Polymyalgia Rheumatica

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Polymyalgia rheumatica (PMR) is a relatively common clinical syndrome of unknown etiology that affects elderly individuals. It is characterized by proximal myalgia of the hip and shoulder girdles with accompanying morning stiffness that lasts for more than 1 hour. Approximately 15% of patients with polymyalgia rheumatica develop giant cell arteritis (GCA), and 40-50% of patients with giant cell arteritis have associated polymyalgia rheumatica. Despite the similarities of age and some of the clinical manifestations, the relationship between GCA and PMR is not yet clearly established. Typically a history of neck, shoulder girdle, and-or hip girdle stiffness and pain, occurring in patients age 50 years or older. Patients complain of difficulty rising from seated or prone positions, varying degrees of muscle tenderness, shoulder-hip bursitis, and-or oligoarthritis. More common in women. About 15% to 20% of patients with polymyalgia rheumatica (PMR) have giant cell arteritis (GCA); 40% to 60% of GCA patients have PMR. Diagnosis is made via history and with supportive laboratory tests indicating an elevated ESR or CRP. Rapid improvement is almost invariable within 24 to 48 hours with low-dose prednisone.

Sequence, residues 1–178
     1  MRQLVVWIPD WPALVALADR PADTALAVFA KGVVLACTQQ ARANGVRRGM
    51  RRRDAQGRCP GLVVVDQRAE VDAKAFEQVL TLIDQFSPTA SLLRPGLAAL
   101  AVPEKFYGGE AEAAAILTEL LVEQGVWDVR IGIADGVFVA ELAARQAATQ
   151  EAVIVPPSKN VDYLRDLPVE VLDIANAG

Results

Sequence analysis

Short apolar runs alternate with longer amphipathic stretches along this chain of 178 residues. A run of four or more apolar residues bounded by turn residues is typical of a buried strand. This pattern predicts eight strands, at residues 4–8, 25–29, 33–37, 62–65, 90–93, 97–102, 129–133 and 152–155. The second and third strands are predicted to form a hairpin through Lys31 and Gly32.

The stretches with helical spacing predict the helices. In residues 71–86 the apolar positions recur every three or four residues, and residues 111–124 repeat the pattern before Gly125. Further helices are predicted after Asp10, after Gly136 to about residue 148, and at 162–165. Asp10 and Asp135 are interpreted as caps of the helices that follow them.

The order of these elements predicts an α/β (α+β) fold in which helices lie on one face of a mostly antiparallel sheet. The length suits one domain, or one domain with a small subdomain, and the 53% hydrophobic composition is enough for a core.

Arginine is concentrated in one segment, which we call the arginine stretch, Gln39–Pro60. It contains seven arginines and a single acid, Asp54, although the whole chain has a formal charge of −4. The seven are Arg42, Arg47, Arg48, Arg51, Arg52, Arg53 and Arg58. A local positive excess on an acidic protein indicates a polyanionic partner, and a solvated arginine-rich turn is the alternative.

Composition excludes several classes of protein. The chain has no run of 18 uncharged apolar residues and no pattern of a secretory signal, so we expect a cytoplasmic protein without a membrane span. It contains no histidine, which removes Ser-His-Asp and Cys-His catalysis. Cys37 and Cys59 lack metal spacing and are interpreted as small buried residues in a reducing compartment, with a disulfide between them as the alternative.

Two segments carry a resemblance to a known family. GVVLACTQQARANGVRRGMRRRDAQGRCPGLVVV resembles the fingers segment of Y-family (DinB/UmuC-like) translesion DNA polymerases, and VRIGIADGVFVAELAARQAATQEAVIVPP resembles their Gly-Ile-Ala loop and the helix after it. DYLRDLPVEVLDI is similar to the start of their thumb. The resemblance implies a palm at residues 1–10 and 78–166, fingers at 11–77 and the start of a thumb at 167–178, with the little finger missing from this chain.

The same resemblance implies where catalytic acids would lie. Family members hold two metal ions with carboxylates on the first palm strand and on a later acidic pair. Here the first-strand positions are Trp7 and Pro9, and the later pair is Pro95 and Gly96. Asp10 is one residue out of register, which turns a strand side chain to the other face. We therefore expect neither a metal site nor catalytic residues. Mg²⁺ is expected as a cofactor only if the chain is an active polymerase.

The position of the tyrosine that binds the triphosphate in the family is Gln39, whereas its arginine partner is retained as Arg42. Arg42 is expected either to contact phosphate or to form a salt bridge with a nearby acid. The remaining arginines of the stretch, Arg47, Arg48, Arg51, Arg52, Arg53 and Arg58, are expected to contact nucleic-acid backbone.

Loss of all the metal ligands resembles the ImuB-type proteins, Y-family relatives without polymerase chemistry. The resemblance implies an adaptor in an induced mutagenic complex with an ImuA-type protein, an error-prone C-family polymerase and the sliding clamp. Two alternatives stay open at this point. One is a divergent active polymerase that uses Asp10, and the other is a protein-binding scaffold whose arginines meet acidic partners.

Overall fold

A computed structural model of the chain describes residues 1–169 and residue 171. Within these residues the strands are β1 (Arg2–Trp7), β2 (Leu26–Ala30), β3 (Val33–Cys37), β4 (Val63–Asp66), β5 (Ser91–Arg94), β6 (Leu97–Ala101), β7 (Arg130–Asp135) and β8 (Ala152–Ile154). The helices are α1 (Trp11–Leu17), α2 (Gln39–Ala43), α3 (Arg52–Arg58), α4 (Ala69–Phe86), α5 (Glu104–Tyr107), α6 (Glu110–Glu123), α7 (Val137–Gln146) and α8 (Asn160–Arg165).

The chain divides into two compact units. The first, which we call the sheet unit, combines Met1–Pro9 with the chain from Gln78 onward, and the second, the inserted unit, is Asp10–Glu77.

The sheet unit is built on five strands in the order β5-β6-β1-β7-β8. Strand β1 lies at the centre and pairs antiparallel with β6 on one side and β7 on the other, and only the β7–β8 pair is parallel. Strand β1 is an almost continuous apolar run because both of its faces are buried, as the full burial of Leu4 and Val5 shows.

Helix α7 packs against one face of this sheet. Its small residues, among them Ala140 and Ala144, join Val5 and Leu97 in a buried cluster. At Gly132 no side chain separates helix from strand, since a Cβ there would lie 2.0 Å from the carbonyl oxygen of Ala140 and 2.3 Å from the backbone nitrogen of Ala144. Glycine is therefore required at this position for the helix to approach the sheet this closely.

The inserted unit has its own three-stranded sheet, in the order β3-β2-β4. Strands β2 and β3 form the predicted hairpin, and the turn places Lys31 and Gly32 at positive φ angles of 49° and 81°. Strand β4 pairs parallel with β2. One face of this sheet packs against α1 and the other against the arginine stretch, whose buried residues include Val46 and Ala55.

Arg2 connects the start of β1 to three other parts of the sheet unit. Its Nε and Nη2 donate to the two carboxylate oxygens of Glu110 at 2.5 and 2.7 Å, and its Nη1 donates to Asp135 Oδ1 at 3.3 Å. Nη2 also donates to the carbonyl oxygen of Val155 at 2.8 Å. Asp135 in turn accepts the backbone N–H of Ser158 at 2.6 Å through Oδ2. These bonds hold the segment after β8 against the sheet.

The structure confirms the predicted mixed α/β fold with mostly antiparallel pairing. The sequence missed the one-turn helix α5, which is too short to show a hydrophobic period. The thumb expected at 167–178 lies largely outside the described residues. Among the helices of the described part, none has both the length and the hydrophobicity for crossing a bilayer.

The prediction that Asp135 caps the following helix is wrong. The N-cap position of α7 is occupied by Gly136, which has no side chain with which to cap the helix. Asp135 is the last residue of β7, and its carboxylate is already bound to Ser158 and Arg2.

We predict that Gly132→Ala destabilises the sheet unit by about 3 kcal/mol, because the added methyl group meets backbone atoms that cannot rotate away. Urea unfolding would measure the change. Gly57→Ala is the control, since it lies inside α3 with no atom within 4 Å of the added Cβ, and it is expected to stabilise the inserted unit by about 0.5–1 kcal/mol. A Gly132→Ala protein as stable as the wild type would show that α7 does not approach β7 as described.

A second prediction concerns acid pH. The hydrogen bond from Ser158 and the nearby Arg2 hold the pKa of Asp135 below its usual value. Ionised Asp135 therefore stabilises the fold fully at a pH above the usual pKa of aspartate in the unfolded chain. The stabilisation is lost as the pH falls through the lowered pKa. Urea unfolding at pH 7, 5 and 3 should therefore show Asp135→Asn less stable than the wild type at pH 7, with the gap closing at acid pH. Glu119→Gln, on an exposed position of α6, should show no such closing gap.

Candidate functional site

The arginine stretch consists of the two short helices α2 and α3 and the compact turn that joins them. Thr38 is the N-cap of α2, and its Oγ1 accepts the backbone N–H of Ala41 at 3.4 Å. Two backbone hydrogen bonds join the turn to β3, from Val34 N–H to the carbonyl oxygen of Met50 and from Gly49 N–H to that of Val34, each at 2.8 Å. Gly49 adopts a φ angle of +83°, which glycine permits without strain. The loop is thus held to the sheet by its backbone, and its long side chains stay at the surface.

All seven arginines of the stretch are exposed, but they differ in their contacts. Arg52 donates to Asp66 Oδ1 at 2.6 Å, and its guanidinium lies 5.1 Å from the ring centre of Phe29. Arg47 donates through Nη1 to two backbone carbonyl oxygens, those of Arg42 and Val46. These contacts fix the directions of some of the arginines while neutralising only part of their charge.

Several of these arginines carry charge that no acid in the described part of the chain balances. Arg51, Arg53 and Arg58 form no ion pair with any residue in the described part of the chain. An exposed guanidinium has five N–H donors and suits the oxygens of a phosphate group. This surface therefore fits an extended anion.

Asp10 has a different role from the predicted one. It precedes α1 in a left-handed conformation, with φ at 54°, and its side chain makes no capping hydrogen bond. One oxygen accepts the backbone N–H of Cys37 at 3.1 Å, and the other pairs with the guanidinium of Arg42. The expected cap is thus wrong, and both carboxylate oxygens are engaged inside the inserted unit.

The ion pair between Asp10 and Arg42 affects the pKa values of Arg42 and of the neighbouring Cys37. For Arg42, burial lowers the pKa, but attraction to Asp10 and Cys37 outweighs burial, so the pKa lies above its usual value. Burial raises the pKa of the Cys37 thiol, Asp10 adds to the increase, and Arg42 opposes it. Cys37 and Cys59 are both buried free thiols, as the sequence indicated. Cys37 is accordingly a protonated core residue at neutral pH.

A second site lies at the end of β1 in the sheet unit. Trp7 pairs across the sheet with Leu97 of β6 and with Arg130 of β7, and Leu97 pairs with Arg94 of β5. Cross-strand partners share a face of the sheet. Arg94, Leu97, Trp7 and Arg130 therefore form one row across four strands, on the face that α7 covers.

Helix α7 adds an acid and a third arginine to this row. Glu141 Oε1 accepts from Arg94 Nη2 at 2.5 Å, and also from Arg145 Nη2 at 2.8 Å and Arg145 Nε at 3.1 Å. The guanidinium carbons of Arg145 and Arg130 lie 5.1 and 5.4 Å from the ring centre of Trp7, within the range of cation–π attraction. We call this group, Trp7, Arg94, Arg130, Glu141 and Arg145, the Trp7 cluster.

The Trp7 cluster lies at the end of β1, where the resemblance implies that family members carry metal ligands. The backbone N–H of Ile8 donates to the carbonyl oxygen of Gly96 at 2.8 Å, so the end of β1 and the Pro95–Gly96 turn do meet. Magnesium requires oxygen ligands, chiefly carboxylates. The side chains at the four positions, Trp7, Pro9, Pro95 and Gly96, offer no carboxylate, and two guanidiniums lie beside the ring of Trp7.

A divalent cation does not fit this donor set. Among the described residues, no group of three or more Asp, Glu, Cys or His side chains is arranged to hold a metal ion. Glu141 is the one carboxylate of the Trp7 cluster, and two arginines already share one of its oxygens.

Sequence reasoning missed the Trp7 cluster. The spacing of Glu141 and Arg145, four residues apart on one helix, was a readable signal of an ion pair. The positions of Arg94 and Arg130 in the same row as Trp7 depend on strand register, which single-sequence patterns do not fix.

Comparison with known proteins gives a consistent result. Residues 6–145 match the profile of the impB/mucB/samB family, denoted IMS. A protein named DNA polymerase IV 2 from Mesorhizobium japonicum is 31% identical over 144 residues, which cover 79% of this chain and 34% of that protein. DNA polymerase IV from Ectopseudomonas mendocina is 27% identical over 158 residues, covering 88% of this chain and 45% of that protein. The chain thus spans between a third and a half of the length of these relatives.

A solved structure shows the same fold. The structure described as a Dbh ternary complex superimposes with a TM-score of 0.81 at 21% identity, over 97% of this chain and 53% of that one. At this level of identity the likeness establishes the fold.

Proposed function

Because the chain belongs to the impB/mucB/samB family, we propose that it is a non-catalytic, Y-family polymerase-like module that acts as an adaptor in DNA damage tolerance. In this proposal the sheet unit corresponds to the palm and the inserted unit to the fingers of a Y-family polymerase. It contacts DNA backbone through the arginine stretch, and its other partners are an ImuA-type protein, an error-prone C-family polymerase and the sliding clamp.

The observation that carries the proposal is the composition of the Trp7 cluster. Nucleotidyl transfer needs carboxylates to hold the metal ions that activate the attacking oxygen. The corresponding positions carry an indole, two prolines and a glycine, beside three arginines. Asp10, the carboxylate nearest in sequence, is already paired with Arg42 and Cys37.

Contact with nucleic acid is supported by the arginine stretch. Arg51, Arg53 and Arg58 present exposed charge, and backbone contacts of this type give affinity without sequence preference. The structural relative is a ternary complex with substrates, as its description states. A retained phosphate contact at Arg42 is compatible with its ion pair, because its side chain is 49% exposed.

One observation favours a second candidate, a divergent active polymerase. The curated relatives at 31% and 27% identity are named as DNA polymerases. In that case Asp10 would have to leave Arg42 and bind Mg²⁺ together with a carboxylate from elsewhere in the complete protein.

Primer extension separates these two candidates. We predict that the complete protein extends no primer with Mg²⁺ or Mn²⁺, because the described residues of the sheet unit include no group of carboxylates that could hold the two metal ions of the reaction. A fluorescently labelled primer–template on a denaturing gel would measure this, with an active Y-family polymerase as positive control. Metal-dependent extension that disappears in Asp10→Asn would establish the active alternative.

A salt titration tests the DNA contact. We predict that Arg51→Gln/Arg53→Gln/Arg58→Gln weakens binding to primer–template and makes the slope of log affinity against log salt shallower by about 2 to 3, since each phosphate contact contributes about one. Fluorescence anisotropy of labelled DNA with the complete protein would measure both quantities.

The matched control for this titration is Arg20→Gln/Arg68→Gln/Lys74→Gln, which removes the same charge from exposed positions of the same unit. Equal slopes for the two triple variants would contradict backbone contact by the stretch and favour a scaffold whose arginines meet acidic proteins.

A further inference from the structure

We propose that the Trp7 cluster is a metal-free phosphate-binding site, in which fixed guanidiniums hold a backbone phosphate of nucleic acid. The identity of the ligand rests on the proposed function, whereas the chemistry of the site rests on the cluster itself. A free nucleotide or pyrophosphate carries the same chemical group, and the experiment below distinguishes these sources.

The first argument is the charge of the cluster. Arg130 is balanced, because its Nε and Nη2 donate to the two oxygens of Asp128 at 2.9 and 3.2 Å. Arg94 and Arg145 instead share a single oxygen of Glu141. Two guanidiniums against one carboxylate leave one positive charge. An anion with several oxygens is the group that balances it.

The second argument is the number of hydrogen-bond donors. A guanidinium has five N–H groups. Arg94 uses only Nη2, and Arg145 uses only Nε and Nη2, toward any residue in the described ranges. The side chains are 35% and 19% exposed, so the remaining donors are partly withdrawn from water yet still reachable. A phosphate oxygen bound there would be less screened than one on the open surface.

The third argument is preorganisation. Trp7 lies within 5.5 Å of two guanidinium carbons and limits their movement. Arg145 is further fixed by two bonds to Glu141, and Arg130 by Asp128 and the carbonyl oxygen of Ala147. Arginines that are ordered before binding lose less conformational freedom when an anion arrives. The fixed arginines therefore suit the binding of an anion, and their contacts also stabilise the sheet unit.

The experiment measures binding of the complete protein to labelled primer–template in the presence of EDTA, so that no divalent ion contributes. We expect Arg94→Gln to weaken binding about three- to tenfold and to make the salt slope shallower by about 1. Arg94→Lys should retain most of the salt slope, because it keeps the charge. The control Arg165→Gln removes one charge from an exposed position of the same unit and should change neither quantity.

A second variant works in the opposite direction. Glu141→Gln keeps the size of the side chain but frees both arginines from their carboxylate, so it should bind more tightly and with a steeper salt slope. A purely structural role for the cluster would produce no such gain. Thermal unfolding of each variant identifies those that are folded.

Laboratory Test Procedures:

shoulder pain
pain in neck
pain in upper arms
buttocks pain
pain in hips
stiffness in hips
stiffness in affected areas, particularly in the morning or after being inactive for a long time, such as a long car ride
wrist pain
loss of appetite
weight loss
sudden onset of visual disturbance, often in low light
scalp tenderness

ESR - Sed Rate
C-Reactive Protein (CRP)
Creatine Kinase
Platelet Count
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